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Monday, February 23, 2009

Journal - 2/23/09

Gamble before ramble…

The one casino in Port Lucaya, Isle of Capri, held it’s first ever poker tournament this past Saturday. The buy in was $100 and the game was none other than the ever popular no limit Texas Hold ‘em. After another week of fun in the sun the time was right to put in some work. The tournament was shootout style with only two rounds of play: win your table and move on to the final table. First place was $5,000.

I played in the morning session and eventually caught a bad beat for all my chips when the table was three handed. However, there was an afternoon re-buy opportunity.

This tournament was a complete joke. The field consisted of older tourists, most of whom had little to no idea how to play the game; people were folding their big blinds; one guy at my table just talked the entire time and never played a hand—not once. "I got bit by a shark. But I got its tooth! True story!" He got blinded out. Even the dealers would take a minute per showdown just to figure out which hand was best. The only thing serious about the tournament was the fact that real money was on the line.

Anyway, after getting knocked out on some bad luck, I dusted off my shoulders and bought back into the afternoon session. For the next couple of hours I played some mean poker and stressed out the entire table of happy-go-lucky tourists. They had no idea what was happening but after the dust had settled I had accumulated all of the chips; and to my amazement I ended up winning my table showing down a seven high. (Almost the worst hand possible.)

One of the tournament directors tells me to be back by 5:00 for the final table although the game wouldn’t start until 5:30. I’m taking my sweet time back by the boat when I hear Andrew’s voice in the distance, “They’ve already started!”

We both run back into the casino to find the final table underway with the first round of blinds halfway over. While trying to catch my breath, I take my seat still managing to talk some trash to the unsuspecting guy next to me who had won the morning table: “Thought you got rid of me, huh?” To my delight this table was just as clueless as the previous one—let the magic show begin.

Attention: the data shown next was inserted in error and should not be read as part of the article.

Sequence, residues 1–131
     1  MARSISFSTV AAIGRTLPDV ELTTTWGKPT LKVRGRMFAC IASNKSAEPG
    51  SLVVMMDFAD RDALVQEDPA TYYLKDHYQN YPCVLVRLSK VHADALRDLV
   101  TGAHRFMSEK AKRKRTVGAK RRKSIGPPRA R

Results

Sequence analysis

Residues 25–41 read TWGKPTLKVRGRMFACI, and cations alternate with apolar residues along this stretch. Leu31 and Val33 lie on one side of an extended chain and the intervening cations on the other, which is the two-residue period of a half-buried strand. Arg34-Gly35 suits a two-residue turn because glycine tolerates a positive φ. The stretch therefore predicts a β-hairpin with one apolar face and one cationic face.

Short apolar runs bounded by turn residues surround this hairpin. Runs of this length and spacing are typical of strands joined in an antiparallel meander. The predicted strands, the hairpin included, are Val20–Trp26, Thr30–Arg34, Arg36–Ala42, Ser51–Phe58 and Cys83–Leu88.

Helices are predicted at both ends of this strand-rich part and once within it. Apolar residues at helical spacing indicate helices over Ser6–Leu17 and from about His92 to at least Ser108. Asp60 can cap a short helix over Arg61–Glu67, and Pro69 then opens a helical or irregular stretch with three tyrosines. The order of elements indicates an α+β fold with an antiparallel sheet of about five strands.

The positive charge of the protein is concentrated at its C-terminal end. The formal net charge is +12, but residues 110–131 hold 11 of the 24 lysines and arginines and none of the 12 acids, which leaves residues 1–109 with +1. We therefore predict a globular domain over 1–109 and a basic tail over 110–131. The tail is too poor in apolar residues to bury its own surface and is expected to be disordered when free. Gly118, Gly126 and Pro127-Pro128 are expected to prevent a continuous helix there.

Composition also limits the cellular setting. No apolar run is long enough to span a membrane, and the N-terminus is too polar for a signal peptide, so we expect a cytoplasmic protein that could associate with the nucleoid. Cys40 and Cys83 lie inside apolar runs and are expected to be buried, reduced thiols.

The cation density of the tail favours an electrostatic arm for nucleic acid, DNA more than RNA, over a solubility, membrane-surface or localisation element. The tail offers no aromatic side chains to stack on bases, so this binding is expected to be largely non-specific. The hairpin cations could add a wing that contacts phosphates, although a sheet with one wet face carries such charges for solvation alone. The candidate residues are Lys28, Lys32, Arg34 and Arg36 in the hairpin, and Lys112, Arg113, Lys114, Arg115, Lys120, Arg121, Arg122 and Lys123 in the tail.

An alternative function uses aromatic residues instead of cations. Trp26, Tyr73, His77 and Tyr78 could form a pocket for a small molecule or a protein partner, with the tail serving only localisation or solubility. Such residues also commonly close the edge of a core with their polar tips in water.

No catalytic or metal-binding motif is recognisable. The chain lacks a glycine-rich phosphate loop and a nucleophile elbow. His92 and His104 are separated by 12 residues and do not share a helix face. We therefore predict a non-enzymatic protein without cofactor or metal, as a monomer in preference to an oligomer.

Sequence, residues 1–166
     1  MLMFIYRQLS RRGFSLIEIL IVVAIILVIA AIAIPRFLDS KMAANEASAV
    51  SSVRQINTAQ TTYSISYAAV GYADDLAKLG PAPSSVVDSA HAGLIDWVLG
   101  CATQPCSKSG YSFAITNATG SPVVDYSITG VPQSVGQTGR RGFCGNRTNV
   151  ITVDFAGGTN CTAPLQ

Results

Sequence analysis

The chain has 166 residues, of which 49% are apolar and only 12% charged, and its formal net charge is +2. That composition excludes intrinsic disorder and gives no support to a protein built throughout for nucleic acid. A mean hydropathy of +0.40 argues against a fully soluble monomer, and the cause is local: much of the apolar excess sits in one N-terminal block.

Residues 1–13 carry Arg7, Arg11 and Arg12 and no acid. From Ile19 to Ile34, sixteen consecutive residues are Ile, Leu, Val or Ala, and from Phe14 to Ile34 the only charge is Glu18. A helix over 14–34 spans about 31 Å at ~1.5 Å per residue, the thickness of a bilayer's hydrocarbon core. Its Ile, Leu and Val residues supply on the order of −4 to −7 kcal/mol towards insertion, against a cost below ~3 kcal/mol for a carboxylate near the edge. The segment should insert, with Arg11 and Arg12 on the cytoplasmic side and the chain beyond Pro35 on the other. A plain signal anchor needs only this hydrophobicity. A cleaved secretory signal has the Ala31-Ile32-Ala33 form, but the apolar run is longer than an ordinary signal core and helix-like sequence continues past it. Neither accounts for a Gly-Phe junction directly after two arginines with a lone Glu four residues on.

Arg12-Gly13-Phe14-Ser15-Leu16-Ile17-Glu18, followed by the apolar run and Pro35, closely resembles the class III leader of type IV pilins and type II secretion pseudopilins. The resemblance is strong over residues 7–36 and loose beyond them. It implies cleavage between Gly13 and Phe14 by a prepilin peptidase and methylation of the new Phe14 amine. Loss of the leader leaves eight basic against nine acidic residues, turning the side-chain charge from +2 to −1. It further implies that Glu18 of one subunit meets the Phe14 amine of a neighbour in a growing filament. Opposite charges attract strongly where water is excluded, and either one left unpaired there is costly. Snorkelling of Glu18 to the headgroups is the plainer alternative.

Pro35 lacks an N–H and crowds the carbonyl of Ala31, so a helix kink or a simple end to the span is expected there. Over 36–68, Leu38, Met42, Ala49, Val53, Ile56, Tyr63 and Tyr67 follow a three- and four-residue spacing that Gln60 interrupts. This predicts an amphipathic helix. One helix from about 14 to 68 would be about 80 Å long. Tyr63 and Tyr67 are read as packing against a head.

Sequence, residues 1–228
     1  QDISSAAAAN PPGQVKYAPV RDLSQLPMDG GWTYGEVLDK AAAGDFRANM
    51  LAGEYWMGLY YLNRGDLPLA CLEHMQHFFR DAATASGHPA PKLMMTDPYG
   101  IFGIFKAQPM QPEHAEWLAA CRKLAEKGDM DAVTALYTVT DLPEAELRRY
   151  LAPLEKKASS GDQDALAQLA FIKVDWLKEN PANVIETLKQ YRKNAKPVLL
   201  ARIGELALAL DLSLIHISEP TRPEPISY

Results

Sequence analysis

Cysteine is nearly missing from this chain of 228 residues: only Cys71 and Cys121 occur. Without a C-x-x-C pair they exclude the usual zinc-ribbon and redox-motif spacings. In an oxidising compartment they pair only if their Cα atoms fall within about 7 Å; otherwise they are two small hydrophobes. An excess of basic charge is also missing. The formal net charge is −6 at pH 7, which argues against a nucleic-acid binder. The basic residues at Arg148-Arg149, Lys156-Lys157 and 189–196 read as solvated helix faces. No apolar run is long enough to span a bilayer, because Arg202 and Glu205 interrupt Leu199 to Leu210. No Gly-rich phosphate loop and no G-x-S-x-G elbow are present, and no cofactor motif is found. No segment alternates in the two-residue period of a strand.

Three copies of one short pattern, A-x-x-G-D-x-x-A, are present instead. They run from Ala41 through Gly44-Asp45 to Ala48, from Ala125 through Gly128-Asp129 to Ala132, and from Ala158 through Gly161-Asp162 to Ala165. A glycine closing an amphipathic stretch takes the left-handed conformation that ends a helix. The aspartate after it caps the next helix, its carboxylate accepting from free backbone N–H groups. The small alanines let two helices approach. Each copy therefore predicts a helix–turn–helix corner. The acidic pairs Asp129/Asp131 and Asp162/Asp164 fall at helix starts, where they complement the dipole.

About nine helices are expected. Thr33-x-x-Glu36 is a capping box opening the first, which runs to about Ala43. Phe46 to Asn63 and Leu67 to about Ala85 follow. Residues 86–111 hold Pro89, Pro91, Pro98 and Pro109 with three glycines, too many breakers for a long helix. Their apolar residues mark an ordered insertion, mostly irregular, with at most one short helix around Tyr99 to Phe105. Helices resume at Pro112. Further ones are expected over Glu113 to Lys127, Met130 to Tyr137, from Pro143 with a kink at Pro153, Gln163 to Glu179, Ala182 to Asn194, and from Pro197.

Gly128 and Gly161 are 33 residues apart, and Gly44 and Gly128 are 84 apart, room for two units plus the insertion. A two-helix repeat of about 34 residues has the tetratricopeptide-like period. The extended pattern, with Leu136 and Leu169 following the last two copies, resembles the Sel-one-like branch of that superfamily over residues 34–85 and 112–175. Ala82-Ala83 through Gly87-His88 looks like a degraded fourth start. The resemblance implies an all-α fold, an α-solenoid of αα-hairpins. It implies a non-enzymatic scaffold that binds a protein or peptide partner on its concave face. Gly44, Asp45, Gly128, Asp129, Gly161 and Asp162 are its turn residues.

A couple hours later we were back on the boat celebrating with some box wine—and an extra $5,000. Seven days docked in Port Lucaya: $290 total.
We just bought a harpoon gun for the Berry Islands and we plan to use it.

Will post again from Nassau... more pictures... more stories...

Ian Graham, February 23, 2009

Friday, February 20, 2009

Journal - 2/20/09

A true open bar... Shelter from the storm...

So we ended up staying four nights at Old Bahama Bay Yacht Club to the tune of $200 total. Not bad considering we absolutely crushed the Friday night open bar from 4-5pm.

A true open bar is hard to find these days. Most open bars restrict patrons to a couple drinks and the service is generally slow. Getting more than a few free drinks becomes an operation. This wasn’t the case at Old Bahama Bay—multiple hot plates of o’dourves, platters of cold beer, any drink on the menu—and speedy service: a deadly combination. Did I mention this was all completely free?!

Needless to say, we really got after it for an hour. Our bill would have easily been in the hundreds of dollars, not to mention the backpack full of beers.

Did we feel guilty? Shit, no. The staff was actively encouraging us to take as much as we could—so we did. I almost felt we would be letting them down by not maintaining the aggressive pace with which we began. Towards the end of the hour I wasn’t even enjoying my drinks…